The Chinese Dream is a term promoted by Xi Jinping since 2013 within Chinese society that describes a set of personal and national ethos and ideals in China. It is used by journalists, government officials, activists to describe the role of the individual in Chinese society as well as the goals of the Chinese nation; the phrase is associated with Xi Jinping, the General Secretary of the Communist Party of China. Xi began promoting the phrase as a slogan in a high-profile visit to the National Museum of China in November 2012 after taking the office of general secretary. Since use of the phrase has become widespread in official announcements and the embodiment of the political ideology of the leadership under Xi Jinping. Xi said that young people should "dare to dream, work assiduously to fulfill the dreams and contribute to the revitalization of the nation". According to the party's theoretical journal Qiushi, the Chinese Dream is about Chinese prosperity, collective effort and national glory.
The relationship between the phrase and the American Dream has been debated. The phrase "Chinese Dream" corresponds with the associated idea of a collective hope for restoring China's lost national greatness and has ancient origins in Chinese literary and intellectual history. In the Classic of Poetry, the poem "Flowing Spring" describes a poet waking up in despair after dreaming of the former Western Zhou dynasty. During the troubled Southern Song dynasty, the poet Zheng Sixiao wrote a poem in which he coined the phrase "Heart full of Chinese Dream, the ancient poem'Flowing Spring.'" Moreover, popular patriotic literary and theatrical works in early 20th century China made reference to a "China Dream." In 2008, architect Neville Mars, author Adrian Hornsby, the Dynamic City Foundation published "The Chinese Dream – a society under construction". The book investigates China's initial wave of rapid urbanization as it transitions to a socialist-market economy. Maps of the emerging spatial forms and analysis of the economic development processes that have originated within the extreme conditions of the 1980s and 1990s are combined with progressive planning concepts and personal portraits of a changing society.
As such it synthesizes a body of research to tackle the main paradoxes at the heart of China's struggle for change and a more equitable and sustainable future. According to Mars, "The present is so all-consuming that fast realities threaten to eclipse the slow dream of tomorrow." The overarching premise of the book is that China reveals a direct correlation between its shifting urban forms and its waning societal objectives. In that sense the book has arguably been prophetic. Written eight years ahead of the 12th FYP that holds the same thematic title "The Chinese Dream" it introduces the notion that China's fragmented, sclerotic urban patterns determine a path of increasing inefficiency and energy-dependence. Mars introduces the term "MUD", or Market-driven Unintentional Development to describe this new hybrid urban condition, suggests that planning itself needs to be radically redefined in order to be effective and not contribute to the extreme ex-urbanization; the conclusion of the book is "No New Cities", a call for models of upgrading of existing urban centers and suburbs.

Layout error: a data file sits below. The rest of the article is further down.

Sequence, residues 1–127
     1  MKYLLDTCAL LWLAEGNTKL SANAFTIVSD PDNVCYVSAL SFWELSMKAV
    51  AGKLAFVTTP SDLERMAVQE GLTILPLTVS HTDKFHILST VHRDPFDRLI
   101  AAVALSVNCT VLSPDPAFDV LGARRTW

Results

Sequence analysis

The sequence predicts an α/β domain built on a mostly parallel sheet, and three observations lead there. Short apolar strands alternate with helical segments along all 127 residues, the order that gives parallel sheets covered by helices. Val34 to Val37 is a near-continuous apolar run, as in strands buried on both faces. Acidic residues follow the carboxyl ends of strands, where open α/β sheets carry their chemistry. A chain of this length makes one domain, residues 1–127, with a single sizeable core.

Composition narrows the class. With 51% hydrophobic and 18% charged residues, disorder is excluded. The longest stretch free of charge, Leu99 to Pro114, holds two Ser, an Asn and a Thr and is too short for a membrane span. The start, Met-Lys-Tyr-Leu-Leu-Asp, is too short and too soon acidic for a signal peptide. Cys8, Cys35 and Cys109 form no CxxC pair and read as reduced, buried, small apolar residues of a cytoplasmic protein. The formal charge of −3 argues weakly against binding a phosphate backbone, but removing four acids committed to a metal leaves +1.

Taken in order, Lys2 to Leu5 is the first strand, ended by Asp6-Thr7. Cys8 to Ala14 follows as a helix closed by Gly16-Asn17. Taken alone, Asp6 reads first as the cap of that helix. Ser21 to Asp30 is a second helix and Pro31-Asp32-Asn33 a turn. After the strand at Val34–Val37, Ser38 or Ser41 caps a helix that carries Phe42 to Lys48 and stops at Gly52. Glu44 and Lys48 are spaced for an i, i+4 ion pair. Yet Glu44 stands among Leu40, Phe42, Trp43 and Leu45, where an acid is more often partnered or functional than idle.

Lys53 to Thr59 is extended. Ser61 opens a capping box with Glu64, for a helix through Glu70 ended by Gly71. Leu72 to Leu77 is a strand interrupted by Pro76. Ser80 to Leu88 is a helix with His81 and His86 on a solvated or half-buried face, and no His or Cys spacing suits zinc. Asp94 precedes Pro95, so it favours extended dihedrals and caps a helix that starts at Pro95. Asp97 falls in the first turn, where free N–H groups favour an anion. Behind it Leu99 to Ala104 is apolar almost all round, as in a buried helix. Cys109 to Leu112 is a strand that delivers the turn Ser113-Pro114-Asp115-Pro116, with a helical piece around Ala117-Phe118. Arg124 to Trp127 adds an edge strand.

In 2010, author Helen H. Wang published her first book The Chinese Dream; the book is based on over 100 interviews of the new members of the middle class in China. In the book, Wang did not define the Chinese Dream; the Chinese Dream has won Eric Hoffer Book Awards. In 2011, the book was published in China. In 2012, the second edition of The Chinese Dream with a foreword by Lord Wei was published. In the foreword, Wei wrote: The Chinese Dream today as portrayed in Helen's book speaks of a changing China, discovering consumerism, globalised, at a cross roads. Will her path in years to come continue to be one that resembles that of Western countries with all the benefits of further urbanization and industrialization, but at the same time challenges in managing scarce resources, population migration, the social problems that affluence can bring, elsewhere called'Affluenza'? Or will the Chinese people themselves inside and outside China create a new sustainable Chinese Dream, based on their ancient values of respect for culture and nature, harnessing technology and creativity?
In September 2012, Helen H. Wang gave a copy of her book The Chinese Dream to Tom Friedman at a dinner in Shanghai hosted by Peggy Liu, chairwoman of Joint US-China Collaboration on Clean Energy; the British publication The Economist credits a column written by the American journalist Thomas Friedman for popularizing the term in China. A translation of Friedman's article, "China Needs Its Own Dream", published in The New York Times was popular in China. Friedman attributes the phrase to Peggy Liu, the founder of the environmentalist NGO JUCCCE. According to Friedman in the magazine Foreign Policy, "I only deserve part credit... the concept of'China Dream' was created by my friend Peggy Liu, as the motto for her NGO about how to introduce Chinese to the concept of sustainability."James Fallows of The Atlantic has pointed out that the phrase has been used in the past by journalists. He mentions Deborah Fallow's book Dreaming in Chinese, his own article "What Is the Chinese Dream?", Gerald Lemos' book The End of the Chinese Dream as examples.
In response to Fallows
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